Business and leisure. Leisure and business. When it comes to travel, the two often become so inextricably linked it’s difficult to extract one from the other. A beach holiday goes belly up because of a changed deadline, or a winery tour is tacked on to the back of work trip; a familiar refrain which is fast-becoming the norm and one we’re not only accepting, but supporting. Enter “bleisure” travel; the theory of successfully blurring business travel and leisure travel.
In 2019, 69%* of Airbnb for Work bookings in Australia included at least one weekend day, highlighting our growing desire to maximise work trips. This could mean a quick day trip to Versailles to witness the extravagant hedonism of 17th Century French royalty, or a staycation in the English countryside to decompress after the anarchy of London. Either way, tagging a day or two (or even weeks if you’re an Australian who has travelled half way across the world for a single conference) is becoming standardised in business travel. And it’s predicted “bleisure” trips will only rise in 2020, with both employer and employee becoming increasingly receptive to bleisure.
I experienced the perks of a bleisure trip firsthand late last year. In Milan for work (the beautiful yet demanding beast that was Milan Fashion Week), I added a weekend to a) explore the city’s creative riches and b) indulge a little down time. With the Italian city so far from Sydney, it also seemed foolish not to enjoy a little cultural immersion following a 23-hour flight. But with the call of cannoli strong and the idea of gloriously refreshing Aperol Spritzes nigh, how was I to balance the two and still be productive professionally? How do you execute a blesuire trip to its utmost potential – getting the best of both worlds? Simple, you need a nest. A hub. A home. A sanctuary that is workspace by day and zen den night. Somewhere that cultivates diligence while all the while provides a place for late-night drinks with new friends. A loft in Navigli, Milan’s hip-hood by the canals, gave me this.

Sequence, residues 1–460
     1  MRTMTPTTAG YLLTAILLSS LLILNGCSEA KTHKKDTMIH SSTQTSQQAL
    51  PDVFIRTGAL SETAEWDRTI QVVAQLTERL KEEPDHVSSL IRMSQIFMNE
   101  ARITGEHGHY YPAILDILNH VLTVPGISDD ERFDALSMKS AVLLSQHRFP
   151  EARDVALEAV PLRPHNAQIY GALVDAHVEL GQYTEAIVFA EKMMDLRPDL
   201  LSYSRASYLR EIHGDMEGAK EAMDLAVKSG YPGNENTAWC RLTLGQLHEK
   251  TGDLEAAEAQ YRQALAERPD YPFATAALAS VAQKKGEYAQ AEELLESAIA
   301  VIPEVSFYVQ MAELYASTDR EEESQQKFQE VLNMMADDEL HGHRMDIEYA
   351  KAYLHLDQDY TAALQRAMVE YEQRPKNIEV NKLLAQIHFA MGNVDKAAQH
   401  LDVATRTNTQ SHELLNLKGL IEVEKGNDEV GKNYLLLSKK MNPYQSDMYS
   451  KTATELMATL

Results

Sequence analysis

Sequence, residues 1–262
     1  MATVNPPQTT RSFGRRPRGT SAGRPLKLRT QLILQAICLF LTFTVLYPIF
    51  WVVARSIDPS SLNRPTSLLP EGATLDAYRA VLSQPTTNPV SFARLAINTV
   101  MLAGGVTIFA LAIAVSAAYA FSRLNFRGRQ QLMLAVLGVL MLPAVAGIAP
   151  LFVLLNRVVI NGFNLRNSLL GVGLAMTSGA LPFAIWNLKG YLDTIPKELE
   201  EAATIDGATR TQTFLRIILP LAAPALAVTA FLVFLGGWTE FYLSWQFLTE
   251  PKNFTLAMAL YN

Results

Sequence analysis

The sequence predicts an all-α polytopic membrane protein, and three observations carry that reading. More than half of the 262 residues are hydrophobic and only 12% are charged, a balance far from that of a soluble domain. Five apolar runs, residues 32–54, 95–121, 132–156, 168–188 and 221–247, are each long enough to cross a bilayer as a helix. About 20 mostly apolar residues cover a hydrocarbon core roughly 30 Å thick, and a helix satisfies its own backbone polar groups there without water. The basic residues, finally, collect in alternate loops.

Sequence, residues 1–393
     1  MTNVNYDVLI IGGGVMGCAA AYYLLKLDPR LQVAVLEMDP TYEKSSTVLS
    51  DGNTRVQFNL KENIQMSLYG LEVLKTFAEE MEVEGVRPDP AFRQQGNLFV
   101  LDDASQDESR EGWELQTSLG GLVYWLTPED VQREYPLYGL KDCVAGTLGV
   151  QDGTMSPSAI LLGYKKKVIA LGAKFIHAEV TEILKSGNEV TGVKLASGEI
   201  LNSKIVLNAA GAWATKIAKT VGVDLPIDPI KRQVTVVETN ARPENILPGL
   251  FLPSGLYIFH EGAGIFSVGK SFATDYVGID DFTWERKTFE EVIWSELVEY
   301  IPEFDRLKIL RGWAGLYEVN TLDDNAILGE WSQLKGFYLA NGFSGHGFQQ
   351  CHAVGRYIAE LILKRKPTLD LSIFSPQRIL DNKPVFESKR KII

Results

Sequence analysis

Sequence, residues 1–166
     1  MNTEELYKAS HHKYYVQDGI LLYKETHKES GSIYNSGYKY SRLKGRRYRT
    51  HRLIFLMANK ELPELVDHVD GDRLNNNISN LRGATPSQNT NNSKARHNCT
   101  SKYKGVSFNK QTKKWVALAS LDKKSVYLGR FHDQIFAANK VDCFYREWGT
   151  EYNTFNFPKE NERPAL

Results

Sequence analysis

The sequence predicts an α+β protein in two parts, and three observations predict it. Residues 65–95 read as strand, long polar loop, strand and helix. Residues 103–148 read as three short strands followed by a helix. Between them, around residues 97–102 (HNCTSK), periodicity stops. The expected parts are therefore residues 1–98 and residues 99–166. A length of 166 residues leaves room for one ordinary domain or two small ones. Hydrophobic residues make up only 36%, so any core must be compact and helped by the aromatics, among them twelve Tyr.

Booked via Airbnb for Work, the loft was the haven I required. With its high vaulted ceilings and lovely open-plan living, it facilitated all that I needed for both work and play. Quirky and off-kilter, its eclectic stylistic nuances were reflective of the city’s design DNA, something which proved inspiring for a weary creative (fashion week has the tendency of sucking the life right out of you) and chic for entertaining. But it also provided something else, the comfort – and sanity – of a home (something a hotel can often rarely provide).
While open plan, it’s bed “room” was slightly sectioned off; upstairs in an attic-like enclave that felt cosy and comfortable. But more impratly, it drew a distinction between work and play, and while the two can successfully coexist – a little line in the sand needs to be drawn for effective – and joyful – time of both.
As offices turn to co-share models and hot desking continues to rise, an apartment or loft like mine proves the perfect conduit for all your bleisure needs. For the culturally curious – be it expert gastronome or amateur artist – a bleisure trip appeases a longing desire to explore a new city or country or just take that much needed time to breathe. And because you’re culturally and personally satiated, your original purpose – to work – becomes much more tolerable, even enjoyable.
Mixing business with (p)leisure has never been so good.